Don’t want to/can’t use the console for some reason?  Just go to http://[DRAC IP]/debug_command.htm after logging in and you can execute any command from there and see the output.

Conclusion

My goal was to reduce fan speed  in order to make the Dell blade system usable in my open basement.  Sadly, even with the most throttled of speed that fanctrl has to offer, it’s still too loud for my (and more importantly the wife’s) taste.  The entire system is going up for sale on eBay, minus the chassis.  It’s too expensive to ship it via regular carrier, and lets just say that I have a Visio layout for a basement data room lying around.

If you have a dedicated server room or closet, a Dell 1855/1955 blade system may be the right choice for you for home use so long as you tweak the fanctrl settings and don’t let the system heat up too much.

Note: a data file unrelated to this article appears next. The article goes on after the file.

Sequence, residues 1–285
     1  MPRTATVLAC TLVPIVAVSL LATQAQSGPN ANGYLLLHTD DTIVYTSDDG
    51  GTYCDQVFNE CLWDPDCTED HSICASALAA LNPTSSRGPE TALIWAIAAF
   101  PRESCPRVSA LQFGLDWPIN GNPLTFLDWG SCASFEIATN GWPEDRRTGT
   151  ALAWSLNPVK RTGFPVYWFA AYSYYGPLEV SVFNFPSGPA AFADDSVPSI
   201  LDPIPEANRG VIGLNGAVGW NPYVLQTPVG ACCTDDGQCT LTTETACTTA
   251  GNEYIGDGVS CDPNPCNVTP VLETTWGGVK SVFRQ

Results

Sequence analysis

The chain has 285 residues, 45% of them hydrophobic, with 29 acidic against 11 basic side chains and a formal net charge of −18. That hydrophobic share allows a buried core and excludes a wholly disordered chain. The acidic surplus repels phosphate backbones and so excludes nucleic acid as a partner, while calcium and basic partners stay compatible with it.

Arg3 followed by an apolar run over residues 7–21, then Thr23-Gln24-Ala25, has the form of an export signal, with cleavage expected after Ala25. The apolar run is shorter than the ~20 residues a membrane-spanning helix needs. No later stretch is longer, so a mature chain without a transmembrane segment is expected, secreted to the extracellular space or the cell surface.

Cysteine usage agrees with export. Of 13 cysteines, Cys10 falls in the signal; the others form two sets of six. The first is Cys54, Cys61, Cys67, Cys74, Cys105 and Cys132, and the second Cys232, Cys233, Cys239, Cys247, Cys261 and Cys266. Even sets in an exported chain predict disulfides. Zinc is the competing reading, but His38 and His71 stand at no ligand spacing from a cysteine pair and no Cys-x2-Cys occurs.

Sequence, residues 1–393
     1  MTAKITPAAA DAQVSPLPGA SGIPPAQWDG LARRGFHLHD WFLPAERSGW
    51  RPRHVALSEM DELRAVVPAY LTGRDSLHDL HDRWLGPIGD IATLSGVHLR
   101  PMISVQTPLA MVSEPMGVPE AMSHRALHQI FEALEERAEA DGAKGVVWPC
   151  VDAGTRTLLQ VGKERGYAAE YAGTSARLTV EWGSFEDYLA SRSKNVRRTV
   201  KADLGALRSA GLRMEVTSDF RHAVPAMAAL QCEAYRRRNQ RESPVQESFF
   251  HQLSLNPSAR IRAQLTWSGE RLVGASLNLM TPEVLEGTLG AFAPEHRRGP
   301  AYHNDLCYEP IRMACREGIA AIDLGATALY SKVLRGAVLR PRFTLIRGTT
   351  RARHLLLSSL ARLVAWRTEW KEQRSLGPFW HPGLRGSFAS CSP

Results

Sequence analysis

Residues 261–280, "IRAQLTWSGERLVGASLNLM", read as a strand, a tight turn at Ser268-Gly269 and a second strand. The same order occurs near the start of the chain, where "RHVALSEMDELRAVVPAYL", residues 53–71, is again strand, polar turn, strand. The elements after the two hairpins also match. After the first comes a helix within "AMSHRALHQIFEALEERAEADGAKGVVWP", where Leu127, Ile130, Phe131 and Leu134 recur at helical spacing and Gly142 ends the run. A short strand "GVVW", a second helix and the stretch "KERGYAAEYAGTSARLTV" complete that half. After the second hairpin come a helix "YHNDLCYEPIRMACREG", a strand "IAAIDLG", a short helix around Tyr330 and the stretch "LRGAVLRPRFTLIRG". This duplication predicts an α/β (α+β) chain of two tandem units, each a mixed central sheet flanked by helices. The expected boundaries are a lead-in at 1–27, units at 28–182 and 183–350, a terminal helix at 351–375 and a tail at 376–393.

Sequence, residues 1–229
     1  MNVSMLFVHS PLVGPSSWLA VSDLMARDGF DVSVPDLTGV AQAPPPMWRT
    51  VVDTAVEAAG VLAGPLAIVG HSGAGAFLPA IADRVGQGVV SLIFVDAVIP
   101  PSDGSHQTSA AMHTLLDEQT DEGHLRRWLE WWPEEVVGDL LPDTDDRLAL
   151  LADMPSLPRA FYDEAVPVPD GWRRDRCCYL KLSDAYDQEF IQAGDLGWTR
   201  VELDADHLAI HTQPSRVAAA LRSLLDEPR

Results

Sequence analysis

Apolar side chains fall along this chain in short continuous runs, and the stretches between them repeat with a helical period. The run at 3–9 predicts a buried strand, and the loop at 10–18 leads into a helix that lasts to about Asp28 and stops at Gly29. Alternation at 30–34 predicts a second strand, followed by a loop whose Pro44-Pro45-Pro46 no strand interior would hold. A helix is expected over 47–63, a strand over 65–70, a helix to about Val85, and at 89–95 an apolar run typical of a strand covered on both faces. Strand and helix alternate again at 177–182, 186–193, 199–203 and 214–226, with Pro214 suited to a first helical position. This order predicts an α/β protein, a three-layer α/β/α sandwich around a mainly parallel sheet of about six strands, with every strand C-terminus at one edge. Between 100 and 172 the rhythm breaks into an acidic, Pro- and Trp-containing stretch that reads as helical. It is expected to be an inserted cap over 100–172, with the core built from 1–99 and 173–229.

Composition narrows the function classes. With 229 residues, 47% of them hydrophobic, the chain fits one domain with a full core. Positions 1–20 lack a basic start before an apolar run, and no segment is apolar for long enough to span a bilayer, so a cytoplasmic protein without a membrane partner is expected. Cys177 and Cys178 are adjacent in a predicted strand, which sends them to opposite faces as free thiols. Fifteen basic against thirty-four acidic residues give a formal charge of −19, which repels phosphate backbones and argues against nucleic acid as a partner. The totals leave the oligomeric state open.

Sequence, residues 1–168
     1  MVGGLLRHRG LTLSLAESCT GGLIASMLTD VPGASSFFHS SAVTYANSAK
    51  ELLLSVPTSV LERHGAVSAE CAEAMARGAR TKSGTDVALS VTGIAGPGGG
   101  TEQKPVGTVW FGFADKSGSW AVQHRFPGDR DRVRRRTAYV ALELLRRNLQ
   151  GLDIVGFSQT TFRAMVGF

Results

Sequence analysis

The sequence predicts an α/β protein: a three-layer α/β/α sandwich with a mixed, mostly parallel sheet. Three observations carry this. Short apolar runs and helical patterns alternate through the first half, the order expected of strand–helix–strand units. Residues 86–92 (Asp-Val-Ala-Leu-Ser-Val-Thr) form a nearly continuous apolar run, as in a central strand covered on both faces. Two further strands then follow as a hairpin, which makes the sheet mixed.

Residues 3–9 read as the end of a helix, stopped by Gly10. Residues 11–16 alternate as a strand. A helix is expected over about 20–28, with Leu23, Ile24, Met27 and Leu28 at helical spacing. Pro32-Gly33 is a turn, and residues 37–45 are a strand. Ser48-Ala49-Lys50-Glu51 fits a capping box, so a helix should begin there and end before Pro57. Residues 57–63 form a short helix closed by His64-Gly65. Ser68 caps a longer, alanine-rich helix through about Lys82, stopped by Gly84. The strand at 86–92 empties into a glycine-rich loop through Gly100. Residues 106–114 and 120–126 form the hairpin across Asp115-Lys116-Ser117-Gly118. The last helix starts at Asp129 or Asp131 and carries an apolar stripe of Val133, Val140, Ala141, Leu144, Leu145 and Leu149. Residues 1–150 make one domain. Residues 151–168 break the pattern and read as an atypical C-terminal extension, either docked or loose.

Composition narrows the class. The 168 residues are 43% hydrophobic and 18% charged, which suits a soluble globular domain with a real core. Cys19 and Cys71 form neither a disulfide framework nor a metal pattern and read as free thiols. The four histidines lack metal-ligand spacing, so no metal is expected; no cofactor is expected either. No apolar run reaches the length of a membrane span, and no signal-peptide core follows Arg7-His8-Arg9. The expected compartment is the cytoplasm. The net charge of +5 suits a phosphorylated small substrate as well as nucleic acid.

To the best of my ears’ reckoning, an “untweaked” chassis with 5 powered-on blades makes noise equivalent to a leaf blower with some fans running as low as ~5000 RPM and others at ~10,000 RPM.  On setting “0” (ultra-low, if I’m correct) it’s just a little bit louder than my 10 year-old dryer with some fans at ~2500 RPM and the fastest ones at ~7500 RPM.

If you are going to replace fans, the small ones at the front of the PSUs are generally the fastest, smallest, and loudest.  Unfortunately, there are still 8 of them.  And if any one of them falls below RPM threshold, all the other fans will speed up to compensate.

About Scott

I'm a computer guy with a new house and a love of DIY projects. I like ranting, and long drives on your lawn. I don't post everything I do, but when I do, I post it here. Maybe.
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One Comment

  1. Oliver Mitchell

    Hi good post!
    however i cant seem to get the diagnostic screen to take the command, does the fan command need to be like this for example? fanctrl [5] or no brackets? it doesn’t seem like any of them saying unknown command! on the response.

    kind regars
    Oliver.